I would have actually preferred if this plot had been done away with entirely and the reveal of the microphone under the table at the end of the episode had been our only clue that the Men of Letters had been in the Bunker. It would be far more effective and not subjected us to uninteresting scenes of them going through Sam and Dean’s stuff.
One thing to take away from this is that Ketch is definitely more affected by his one night stand with Mary than he let on. I suspect that stealing the picture will be the thing that clues Sam and Dean in on what’s happening and I’m hoping that will come sooner rather than later. Things have moved too quickly with this plot and there are certain things that would have been better with more time to breathe.
A solid if unremarkable episode that delivers a fairly standard case that somewhat lacks in depth. The use of the Goat creature is effective as we rarely see the whole thing which adds to the mystery surrounding it as well as covering up the budget constraints. Having the main antagonist being a brother who looks to undermine his sibling rather than work with him creates a fairly obvious parallel to Sam and Dean but it does the job just fine. The suggestion that Dean might be coming overconfident because of the Colt might go somewhere but also may not. Sam and Dean etching their initials into the table in the Bunker after Dean’s existential thinking about what their legacy will be was a nice moment and I liked that it was cut with flashbacks to them doing the same with the Impala.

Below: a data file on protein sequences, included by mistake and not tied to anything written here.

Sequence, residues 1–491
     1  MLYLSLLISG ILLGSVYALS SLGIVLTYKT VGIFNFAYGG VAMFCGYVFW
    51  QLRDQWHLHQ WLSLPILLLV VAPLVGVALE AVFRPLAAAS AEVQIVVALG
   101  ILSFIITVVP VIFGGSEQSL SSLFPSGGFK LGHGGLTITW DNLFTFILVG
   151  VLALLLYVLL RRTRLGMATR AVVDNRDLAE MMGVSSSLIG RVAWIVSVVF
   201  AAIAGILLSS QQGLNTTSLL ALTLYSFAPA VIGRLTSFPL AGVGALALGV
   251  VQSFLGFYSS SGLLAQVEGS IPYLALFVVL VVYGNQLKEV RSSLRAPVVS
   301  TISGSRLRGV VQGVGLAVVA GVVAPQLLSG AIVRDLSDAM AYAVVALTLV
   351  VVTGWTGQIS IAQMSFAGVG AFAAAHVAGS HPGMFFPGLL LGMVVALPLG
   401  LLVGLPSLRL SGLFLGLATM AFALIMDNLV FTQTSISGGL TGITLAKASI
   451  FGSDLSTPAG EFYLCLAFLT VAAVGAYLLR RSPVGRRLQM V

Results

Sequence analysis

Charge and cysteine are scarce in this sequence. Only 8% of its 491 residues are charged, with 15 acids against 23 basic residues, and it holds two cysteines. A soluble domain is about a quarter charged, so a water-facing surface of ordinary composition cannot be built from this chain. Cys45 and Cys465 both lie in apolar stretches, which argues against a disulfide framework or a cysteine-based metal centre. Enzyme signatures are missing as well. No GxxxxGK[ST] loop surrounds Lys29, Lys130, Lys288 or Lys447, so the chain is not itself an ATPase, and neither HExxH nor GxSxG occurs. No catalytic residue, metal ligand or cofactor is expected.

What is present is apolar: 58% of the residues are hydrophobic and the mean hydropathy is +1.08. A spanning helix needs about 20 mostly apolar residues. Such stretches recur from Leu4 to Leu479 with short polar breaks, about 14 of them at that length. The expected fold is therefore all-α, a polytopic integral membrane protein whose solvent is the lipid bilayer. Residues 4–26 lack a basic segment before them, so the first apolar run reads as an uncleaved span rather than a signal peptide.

The B Plot where Ketch mobilised a team to go through Sam and Dean’s stuff was fairly underwhelming. I found the use of comedic music baffling as it makes them out to be something not worth worrying about. This would have been far more effective had it been dropped entirely with the microphone under the table revealing that they had been around to the audience. It’s clear that Ketch isn’t as unaffected by his one night stand with Mary as he let on and I suspect the stolen picture will be the clue that points Sam and Dean towards the Men of Letters but we shall see. As threats go there’s a lot of work to do to make them worthwhile and I fear that it may be too late.
- Sam and Dean etching their initials into the bunker
- the visual trickery with the Goat creature
- the unnecessary B Plot and the lack of threat associated with the Men of Letters